8. Fold disk again, as in the video, to make hard creases that evenly divide it into quarters. (Pins take over for creases in humid weather or if you’re dragging this project around for a while.) Sew a button to the non-slit side, dead center. Shank buttons are the best. If you don’t have a button with a shank, go get one. Or make a thread shank. Sew with stiff, sturdy thread like Coats & Clark hand quilting thread. Knot off the thread after sewing on the button, but LEAVE A VERY LONG TAIL. (Can you see how old my thread is? $.91 WOW! And did you notice I forgot to stitch decoratively about 1/8″ from the edge? I think I’m OK with that.)
9. With the thread from sewing on the button exiting the top fabric at the button shank, pick a pin, any pin (or creased side). Spear it just like Kevin did in the video and pull it all the way to the button shank, taut. Take a stitch in the fabric right next to the thread shank to anchor it.
10. Moving clockwise or counter-clockwise (whichever is most comfortable) take a tiny stitch to anchor the thread on the next side of the button very, very near the shank and pierce the next crease. Bring it to the button. Take a stitch as before to anchor it.
11. Repeat with the last two creases, take thread to the back and knot off. You can make as big a mess as you want with the knot on the back. The knot and the slit will be covered.
12. Press the sides, then fold over and nail the point with your iron. Steam is good.
13. Make the final flips like Kevin showed. Press.
14. Flip the ornament over and cut a square of Sticky Template Plastic (STP) that is it 1/4″ smaller than the ornament. The STP insert will be covered in fabric and inserted down in Step #17.
15. Peel off the release paper, stick it on the wrong side of a piece of matching fabric and, with a rotary cutter, trim the fabric a hefty 1/4″ beyond the edge of the plastic.
16. Cut strips of STP 1/2″ wide by 1/2″ LESS than the width of the square above. In a two-step process, stick an STP strip to the right side of the fabric, and then wrap the fabric to the wrong side and press the STP to secure it. Don’t worry about the mess in the corners.
17. Center the insert on the back of the ornament and then finish as Kevin suggested with a hanging cord or thread. The fabric-covered STP straightens up the ornament nicely, gives it a little heft, and lets you dress up the “back end.”
18. Insert something to hang the ornament with, like Kevin showed in the video. I settled on 11″ of red pearl cotton #5 and used a big fat needle.
19. Now what? Use a gel pen or permanent pen to sign and date your ornament, or write a little message to the recipient. Maybe before you slapped the STP on the fabric you could have embroidered something? Next time. Here’s another idea: tape a length of ribbon to the non-fabric side of the STP and tie a gift card to the back of the ornament. See how nicely it tucks into the corners for extra security? Fuse or sew a QR code to the STP insert. Upload a video, photo, or favorite recipe to be accessed with the QR reader on your smart phone.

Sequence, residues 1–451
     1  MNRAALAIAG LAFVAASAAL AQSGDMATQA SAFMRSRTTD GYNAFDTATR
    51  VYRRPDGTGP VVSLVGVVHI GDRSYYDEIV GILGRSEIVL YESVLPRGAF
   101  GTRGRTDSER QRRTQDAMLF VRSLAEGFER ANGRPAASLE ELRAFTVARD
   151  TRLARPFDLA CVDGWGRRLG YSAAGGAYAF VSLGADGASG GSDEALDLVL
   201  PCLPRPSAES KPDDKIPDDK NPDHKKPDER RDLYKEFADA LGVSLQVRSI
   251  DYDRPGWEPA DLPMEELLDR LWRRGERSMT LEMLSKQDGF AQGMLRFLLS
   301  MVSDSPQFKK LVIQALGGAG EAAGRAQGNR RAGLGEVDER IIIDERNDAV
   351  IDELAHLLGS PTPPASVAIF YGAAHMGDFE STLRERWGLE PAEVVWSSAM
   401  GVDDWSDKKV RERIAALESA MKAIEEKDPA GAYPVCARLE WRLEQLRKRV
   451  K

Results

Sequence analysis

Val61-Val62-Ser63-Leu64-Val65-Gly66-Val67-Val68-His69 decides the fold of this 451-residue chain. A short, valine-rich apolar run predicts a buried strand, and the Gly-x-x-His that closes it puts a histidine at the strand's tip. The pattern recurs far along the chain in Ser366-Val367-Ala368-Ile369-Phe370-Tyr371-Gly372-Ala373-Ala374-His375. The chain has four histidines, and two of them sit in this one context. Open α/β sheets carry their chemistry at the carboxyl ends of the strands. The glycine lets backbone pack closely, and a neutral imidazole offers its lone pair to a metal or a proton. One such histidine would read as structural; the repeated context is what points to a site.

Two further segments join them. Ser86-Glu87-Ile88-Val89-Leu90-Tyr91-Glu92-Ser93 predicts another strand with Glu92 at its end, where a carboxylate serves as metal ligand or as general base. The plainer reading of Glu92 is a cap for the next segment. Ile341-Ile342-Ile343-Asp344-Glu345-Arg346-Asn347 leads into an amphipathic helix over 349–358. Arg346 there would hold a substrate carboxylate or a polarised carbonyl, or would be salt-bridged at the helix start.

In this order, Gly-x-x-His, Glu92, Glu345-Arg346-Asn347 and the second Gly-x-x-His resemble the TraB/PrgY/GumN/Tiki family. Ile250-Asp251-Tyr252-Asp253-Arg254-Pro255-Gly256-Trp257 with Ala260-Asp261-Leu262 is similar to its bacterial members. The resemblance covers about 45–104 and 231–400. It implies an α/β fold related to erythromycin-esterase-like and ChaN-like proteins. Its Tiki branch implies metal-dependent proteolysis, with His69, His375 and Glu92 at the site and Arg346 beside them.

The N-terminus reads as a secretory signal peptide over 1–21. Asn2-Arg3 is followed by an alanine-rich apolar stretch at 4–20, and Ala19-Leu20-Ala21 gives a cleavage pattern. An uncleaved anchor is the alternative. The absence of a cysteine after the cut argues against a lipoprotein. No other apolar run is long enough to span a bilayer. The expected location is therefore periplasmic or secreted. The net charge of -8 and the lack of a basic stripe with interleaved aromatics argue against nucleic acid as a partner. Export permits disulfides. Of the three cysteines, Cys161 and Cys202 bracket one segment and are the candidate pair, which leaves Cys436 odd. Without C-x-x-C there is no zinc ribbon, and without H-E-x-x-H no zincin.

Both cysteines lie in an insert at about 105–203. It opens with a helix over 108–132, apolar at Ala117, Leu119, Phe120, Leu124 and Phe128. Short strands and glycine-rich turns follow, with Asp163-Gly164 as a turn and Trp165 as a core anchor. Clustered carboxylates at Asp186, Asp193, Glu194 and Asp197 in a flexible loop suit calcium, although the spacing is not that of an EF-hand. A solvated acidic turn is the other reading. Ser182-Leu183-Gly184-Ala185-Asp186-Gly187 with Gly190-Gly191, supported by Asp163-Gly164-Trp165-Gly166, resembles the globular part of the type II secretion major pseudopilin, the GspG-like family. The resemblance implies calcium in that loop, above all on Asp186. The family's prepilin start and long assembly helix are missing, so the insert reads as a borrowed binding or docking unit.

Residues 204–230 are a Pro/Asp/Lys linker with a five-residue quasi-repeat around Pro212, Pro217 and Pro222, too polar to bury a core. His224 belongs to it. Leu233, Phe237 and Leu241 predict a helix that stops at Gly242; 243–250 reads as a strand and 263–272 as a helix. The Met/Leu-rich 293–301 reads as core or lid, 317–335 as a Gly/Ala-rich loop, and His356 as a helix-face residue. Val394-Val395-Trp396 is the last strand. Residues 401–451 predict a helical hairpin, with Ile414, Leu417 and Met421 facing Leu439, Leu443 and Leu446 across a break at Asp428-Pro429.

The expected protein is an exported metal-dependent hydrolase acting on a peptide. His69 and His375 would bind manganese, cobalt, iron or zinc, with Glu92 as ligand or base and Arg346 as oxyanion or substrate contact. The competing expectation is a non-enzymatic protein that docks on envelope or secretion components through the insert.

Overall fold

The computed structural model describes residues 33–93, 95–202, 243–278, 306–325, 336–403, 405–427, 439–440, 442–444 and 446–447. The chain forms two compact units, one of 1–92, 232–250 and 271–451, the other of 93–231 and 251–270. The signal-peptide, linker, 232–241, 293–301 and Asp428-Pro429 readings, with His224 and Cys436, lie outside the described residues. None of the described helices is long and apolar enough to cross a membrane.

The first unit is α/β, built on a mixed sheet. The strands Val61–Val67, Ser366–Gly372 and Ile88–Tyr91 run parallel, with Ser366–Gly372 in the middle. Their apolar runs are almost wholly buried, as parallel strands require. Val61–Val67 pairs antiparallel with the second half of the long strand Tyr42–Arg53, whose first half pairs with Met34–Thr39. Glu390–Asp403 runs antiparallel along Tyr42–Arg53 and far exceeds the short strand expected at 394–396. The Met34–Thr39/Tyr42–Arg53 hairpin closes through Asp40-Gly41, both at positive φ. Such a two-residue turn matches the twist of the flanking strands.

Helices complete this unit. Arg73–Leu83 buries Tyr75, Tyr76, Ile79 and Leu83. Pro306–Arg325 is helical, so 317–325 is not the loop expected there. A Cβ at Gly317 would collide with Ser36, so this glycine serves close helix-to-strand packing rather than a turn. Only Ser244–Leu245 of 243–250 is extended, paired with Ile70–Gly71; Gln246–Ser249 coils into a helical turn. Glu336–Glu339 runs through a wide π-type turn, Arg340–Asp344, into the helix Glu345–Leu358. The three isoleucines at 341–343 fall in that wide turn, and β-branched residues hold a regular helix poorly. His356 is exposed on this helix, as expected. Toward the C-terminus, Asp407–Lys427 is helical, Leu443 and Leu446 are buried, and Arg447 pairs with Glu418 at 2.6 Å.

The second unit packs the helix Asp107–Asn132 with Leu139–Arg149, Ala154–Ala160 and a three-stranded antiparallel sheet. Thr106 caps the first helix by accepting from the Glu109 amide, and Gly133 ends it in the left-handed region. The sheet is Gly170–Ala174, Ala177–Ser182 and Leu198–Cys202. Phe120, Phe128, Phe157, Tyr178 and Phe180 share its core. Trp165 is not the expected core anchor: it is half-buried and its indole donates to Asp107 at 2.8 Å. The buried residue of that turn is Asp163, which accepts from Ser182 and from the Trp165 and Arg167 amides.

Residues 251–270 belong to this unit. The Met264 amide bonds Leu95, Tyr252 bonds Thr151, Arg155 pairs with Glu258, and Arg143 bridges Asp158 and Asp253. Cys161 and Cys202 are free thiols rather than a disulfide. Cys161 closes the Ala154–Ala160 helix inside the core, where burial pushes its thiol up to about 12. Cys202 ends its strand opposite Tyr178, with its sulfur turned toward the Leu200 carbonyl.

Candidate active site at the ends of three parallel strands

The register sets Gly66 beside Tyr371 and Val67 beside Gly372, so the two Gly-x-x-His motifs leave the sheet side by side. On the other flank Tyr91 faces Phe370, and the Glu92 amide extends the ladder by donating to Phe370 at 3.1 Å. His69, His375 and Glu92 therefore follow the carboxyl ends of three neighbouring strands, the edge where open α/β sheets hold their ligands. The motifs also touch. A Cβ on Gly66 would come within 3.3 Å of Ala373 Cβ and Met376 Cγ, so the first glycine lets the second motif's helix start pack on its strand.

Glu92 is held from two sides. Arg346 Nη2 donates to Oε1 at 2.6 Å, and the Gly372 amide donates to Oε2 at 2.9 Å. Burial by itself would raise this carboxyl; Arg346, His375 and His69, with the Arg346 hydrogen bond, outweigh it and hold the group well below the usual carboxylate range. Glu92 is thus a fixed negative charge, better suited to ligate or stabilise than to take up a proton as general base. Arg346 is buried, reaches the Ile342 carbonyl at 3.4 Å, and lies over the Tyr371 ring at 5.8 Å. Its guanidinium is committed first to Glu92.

The original post for this awesome ornament came from a woman in New Zealand. Click here to read Katrina’s Tutorials blog.
Get Sticky Template Plastic here.
Get fusible or sew-on QR codes (with subscription to cloud storage included) here.
Here’s the first quilt created in the “Old Dogs, New Tricks” series. Pretty basic stuff. I’m just getting my feet wet. I added a blue border and bound it with a 1/4″ binding. It measures about 14″ square.
1. Believe it or not, I don’t ever recall making a bias binding using striped fabric with the stripes at an angle. I love striped binding, but I usually run the stripes perpendicular to the edge of the quilt. So, I figured if I couldn’t remember doing a bias stripe binding with the stripes at a 45 degree angle, it was about time I did it again. Or for the first time. Amazing how much more waste there is cutting bias strips. I do like the way the hot pink binding pulses around the quilt.
2. I wanted to see if I could stop quilting exactly 1/4″ from the edge of the quilt, so that the binding would touch the last stitch but not go beyond it. Not sure why that was a goal, but it’s not a very good one. I would have done better to sew off the quilt like I usually do. (I was “off” in as many places as I was “on.”) Discovering what doesn’t work is also learning.
3. I rarely quilt along a color change in a piece of fabric, but I knew I had to try with the blue on green stripe in the background. In the picture below you can see where my quilting strategy left a bit to be desired, but you can see I did OK quilting right next to the line in the border fabric. (Click the picture to enlarge it.)